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'Unlimited Money Machine': Singaporean Claims He Didn't Know He Was InvesableAI's Director

When your company scams 150 investors of $1.5M, can you simply plead ignorance of being its director? InvesableAI's director is trying to.

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A Singaporean man recently filed a police report stating he was unaware of being appointed director of Singapore-registered cryptocurrency investment firm InvesableAI.

The firm is facing scrutiny from multiple law enforcement agencies, including the Singapore Police Force, the Federal Bureau of Investigation (FBI) and the Securities and Exchange Commission (SEC).

Lawyers believe the man is unlikely to be held liable for the company's actions if he can prove he was not involved in its operations.

The man reportedly discovered his association with InvestableAI, Pexo, Cintery, and Exby International – all companies listing virtual office addresses – while investigating suspected identity theft.

Investors have alleged that InvesableAI promised unrealistic returns on crypto investments and then froze withdrawals in September 2023. According to reports, over 4,000 people placed their funds onto the platform, and a group of about 150 investors are claiming losses of at least $1.5 million.

Here's a tip - if an investment scheme screams buzzword bingo and has an uninspired name, just look away. But what if you never looked in the first place and were still held accountable?

"Invesing" in InvesableAI Without the Tea

Incorporated in Singapore in June 2023, InvesableAI claimed to be seeking a license from the Monetary Authority of Singapore (MAS) and presented itself as a trustworthy business on its now-defunct website, highlighting its registration in Singapore.

However, according to Accounting and Corporate Regulatory Authority (ACRA) records, InvesableAI is still a "live" company, meaning it's still in operation, The Straits Times reported on Sunday.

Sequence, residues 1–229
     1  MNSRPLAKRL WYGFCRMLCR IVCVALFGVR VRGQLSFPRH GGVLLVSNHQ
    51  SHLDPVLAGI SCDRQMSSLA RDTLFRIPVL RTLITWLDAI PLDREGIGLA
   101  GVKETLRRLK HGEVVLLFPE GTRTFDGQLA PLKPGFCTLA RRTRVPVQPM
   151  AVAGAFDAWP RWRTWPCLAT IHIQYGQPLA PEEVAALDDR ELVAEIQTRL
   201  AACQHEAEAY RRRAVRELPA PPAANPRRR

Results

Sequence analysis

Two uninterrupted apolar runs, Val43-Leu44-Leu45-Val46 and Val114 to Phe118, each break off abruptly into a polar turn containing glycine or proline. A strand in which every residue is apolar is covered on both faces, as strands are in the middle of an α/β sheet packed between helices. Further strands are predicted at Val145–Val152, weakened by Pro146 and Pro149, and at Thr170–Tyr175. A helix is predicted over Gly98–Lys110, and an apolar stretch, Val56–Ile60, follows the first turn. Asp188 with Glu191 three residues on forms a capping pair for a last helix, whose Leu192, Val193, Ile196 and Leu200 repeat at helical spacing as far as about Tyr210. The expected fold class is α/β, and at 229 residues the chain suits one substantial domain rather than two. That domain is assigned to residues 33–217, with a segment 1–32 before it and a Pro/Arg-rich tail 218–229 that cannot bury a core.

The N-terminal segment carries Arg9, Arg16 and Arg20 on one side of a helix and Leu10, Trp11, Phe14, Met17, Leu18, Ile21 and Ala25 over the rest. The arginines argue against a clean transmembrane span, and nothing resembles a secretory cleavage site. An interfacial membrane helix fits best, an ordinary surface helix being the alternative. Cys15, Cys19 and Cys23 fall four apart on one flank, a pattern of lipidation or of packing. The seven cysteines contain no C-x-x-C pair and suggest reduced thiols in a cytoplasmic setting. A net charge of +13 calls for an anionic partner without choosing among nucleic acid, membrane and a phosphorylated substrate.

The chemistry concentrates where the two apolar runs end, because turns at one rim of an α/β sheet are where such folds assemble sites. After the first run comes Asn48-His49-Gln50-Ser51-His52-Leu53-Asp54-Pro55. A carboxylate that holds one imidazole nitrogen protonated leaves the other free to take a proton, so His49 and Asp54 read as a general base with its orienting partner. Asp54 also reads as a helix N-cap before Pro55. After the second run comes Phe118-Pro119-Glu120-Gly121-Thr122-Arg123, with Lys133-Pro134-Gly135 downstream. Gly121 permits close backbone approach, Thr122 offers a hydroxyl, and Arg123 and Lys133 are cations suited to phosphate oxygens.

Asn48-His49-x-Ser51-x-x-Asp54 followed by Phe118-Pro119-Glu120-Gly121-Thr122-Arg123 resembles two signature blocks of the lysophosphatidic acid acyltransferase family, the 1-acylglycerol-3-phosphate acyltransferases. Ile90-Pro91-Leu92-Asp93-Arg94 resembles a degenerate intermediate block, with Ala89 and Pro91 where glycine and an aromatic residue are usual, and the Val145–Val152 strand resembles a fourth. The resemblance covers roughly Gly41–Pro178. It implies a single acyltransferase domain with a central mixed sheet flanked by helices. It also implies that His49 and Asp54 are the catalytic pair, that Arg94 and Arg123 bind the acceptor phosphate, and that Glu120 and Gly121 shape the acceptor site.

A MAS spokesperson clarified that anyone providing payment services in Singapore must hold a license. Those who do not hold a license will be exempted from the Payment Services Act to operate.

The spokesperson said: “InvesableAI is not licensed nor exempted from licensing by MAS.

“Regardless of whether an entity is regulated by MAS, it is an offence to run a fraudulent or deceptive business in Singapore.”

The firm's listed founders, Lee Dalton and Richmond Ray Gonzales, have not commented on the situation.

Investors reportedly poured money into InvesableAI's crypto investment schemes, but haven't received any returns. The details of the specific investment products and the amounts involved haven't been disclosed.

Dalton, a former Australian Navy cadet, was reportedly seen in a video asking people to select a particular package and "just start making money."

Products sold by InvesableAI include the "Ultimate Money Machine" which offers 160% returns, priced at $5,000, down from $10,000.

Over 150 have allegedly sunk more than $1.5 million into InvesableAI's products but have not been able to withdraw their profits or principals.

Mistaken Identity or Mistaken Ignorance?

The Singaporean man's details surfaced when the Straits Times dug into the firm's ACRA filings. When journalists from the newspaper visited the man's public housing flat, he "had a blank stare when the firm’s name was mentioned."

When presented with the firm's documents, the man was "shocked and scared" to discover that he was named as the director of InvesableAI and at Pexo, Cintery, and Exby International, which are "live" according to ACRA records.

Each of the three companies was registered by foreign directors who provided residential addresses in Texas, yet these addresses are currently inhabited by other individuals.

Confronted with the information, the Singaporean man said his personal information could have been stolen during a holiday in Thailand in 2008 when he lost his identity card.

“If these companies committed crimes, then I will die because my name is there,” the man said.

Lawyer Lim Yun Heng said the Companies Act can protect directors who acted honestly in the circumstances but those who sign up blindly to maintain a facade could be held accountable.

“Without actual knowledge and approval, or at least turning a blind eye to affairs which suggest something is wrong, it is unlikely that the director can be held liable for every criminal offense that the company is implicated in,” Lim explained.

The extent of the man's involvement and knowledge remains undetermined for now. Nonetheless, the verdict of the case could open a Pandora's box for criminals seeking to plead innocence. After all, if directors of companies aren't held accountable for the firm's activities, then who is?


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